posted by Narrative Priorities at 9:33 AM on October 18, 2012


OH, AND: if you're more interested in painting than drawing, then the sooner you get comfortable using and modifying photoshop paint brushes, the better. Remember that you can always reset things to the default, so there's no reason not to get in there and play around with the settings. You can get a huge variety of effects just by moving the sliders in the brush palette around.

There are a vast number of free-to-download Photoshop brushes and presets available online, particularly on sites like DeviantArt but also on people's personal blogs. Many will give you basic instructions as to how to install the brushes, which only takes a couple minutes. Play with them, fiddle with the settings, figure out what the original brush creator did to get the effect they were going for. Then look up some tutorials online and try making some brushes of your own. Again, the best way to learn all of this is to experiment!
posted by Narrative Priorities at 9:40 AM on October 18, 2012


So far, so awesome!
Adding something to the list that i'll find helpful:
Draw-a-day things, etc, that will let me practice without having to do the agonizing process of thinking of what to draw. Narrative priorities suggest fanart, which is a great suggestion, though maybe a bit time consuming. Geometric Daily is more along the lines of what I'd want, sort of but close enough.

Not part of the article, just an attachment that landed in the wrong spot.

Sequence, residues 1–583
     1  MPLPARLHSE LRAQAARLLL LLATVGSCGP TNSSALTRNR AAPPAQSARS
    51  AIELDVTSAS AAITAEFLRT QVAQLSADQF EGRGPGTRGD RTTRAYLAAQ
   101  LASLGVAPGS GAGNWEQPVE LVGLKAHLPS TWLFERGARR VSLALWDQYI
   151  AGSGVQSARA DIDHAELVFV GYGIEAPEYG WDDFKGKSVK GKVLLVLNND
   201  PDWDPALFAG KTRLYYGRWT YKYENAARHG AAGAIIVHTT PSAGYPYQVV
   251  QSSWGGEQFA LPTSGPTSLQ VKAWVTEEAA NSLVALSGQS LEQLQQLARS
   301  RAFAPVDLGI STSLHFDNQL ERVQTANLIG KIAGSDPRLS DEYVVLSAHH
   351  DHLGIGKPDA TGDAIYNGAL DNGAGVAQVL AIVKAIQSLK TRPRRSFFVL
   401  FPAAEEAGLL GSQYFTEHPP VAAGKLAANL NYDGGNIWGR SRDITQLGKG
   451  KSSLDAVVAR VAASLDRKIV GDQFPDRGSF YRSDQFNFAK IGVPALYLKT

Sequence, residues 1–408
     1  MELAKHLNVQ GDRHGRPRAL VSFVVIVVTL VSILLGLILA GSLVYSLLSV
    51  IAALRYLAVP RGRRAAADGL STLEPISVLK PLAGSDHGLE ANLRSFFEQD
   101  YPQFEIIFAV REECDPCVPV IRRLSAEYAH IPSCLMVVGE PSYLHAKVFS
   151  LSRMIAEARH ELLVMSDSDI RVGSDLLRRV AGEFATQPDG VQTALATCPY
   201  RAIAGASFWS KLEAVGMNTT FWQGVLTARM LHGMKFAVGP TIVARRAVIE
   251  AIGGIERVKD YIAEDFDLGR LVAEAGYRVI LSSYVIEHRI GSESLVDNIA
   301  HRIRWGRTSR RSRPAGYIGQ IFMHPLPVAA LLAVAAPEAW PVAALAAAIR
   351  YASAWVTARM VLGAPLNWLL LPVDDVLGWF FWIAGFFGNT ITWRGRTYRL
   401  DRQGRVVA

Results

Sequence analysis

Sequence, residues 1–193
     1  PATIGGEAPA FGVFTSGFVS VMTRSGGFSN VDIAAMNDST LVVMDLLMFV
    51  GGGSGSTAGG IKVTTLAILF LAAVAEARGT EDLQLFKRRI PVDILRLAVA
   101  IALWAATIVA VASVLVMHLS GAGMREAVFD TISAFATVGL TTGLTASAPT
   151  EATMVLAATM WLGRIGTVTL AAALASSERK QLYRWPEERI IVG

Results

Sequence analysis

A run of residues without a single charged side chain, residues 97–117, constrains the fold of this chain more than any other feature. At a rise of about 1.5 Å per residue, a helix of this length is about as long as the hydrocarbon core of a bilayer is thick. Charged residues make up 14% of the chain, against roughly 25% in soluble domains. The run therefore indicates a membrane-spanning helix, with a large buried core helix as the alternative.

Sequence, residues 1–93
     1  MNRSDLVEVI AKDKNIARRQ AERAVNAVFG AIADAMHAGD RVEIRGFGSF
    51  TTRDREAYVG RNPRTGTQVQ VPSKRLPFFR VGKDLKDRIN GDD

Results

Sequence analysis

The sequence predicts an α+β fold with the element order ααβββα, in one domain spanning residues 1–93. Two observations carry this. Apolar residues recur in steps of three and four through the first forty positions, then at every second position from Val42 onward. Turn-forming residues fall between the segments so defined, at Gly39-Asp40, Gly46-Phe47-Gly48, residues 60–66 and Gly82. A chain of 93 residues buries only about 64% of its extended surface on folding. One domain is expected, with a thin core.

posted by FirstMateKate at 10:41 AM on October 18, 2012


Artrage is cheap and really, really nice -- it's the closest thing I've found to traditional media on the computer. It's also pleasantly intuitive even if you've never used a tablet before. FireAlpaca is a free, stripped-down little program that's great for doing quick sketches... it might also be a good intro to the tablet, since you don't have to worry about dealing with so many settings/brushes/etc.

As for draw-a-day blogs, you could try the 30 Day Drawing Challenge, follow Drawing Prompts on tumblr, or hit up the Random Art Prompt Generator.
posted by vorfeed at 12:37 PM on October 18, 2012